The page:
Monet "Poplar" set to fetch $25 million at auction

Fri Mar 25, 2011 11:42am EDT
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By Chris Michaud

NEW YORK (Reuters Life!) - A pristine Monet masterpiece from the artist's celebrated "Poplars" series will be featured at Christie's in May, when it is expected to sell for as much as $30 million, the auction house said on Friday.

"Les Peupliers," the largest from Monet's famed paintings depicting poplar trees executed during his years in Giverny, is being sold by an Asian collector who purchased it at auction in 2000 for just over $7 million.

After a precipitous decline following the financial crisis that hit in late 2008, the art market came roaring back last year with works breaking the $100 million mark, artists' records being broken and auction houses raking in cash once again.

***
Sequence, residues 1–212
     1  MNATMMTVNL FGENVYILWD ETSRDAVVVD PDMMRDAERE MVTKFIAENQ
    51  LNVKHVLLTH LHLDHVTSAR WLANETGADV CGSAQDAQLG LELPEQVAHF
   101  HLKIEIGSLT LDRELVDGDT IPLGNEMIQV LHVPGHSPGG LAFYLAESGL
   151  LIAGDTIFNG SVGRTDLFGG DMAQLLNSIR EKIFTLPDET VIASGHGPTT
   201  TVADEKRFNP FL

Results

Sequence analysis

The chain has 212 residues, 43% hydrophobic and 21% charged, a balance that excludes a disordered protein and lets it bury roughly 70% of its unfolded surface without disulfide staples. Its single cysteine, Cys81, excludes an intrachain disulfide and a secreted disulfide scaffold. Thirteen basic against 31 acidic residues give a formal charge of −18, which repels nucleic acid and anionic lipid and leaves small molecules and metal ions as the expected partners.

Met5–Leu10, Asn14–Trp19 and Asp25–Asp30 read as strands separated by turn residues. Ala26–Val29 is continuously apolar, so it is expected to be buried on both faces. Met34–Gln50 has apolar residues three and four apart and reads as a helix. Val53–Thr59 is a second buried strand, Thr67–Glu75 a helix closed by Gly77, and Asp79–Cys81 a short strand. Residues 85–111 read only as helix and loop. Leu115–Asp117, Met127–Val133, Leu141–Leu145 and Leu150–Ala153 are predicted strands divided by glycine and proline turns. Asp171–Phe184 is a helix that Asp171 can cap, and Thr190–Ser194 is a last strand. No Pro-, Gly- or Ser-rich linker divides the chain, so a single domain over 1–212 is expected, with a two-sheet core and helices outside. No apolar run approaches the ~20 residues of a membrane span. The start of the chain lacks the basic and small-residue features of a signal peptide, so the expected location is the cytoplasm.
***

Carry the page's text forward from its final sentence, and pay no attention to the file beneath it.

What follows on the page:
"The appearance of this masterpiece quality work marks the first time in over a decade that a major 1890s series painting has come to auction," said Conor Jordan, Christie's head of Impressionist and modern art.

"We anticipate great enthusiasm from many collectors, dealers and museum directors who have been eager for a quintessential Monet scene such as this," Jordan added.

Prices for top-quality works by Monet have soared in recent seasons, Christie's noted. An increasingly limited supply of masterpieces, recovering markets that have freed up liquidity and increasing confidence in fine art as an investment, have all helped drive levels ever higher.

The auction record for a Monet is $80.4 million set in May 2008 by "Le Bassin aux Nympheas" from the artist's renowned Waterlilies series, which was about twice the pre-sale estimate.

The majority of the 24 works from the Poplars series hang in major art museums including London's Tate Gallery, the Philadelphia Museum of Art and Tokyo's National Museum of Art.

"Les Peupliers" will be sold in New York on May 4 after touring in Moscow and London in April.

Monet painted it during the summer of 1891 after striking a deal with a wood cutter not to cut down a stand of poplar trees on the river near his home until he could finish painting them.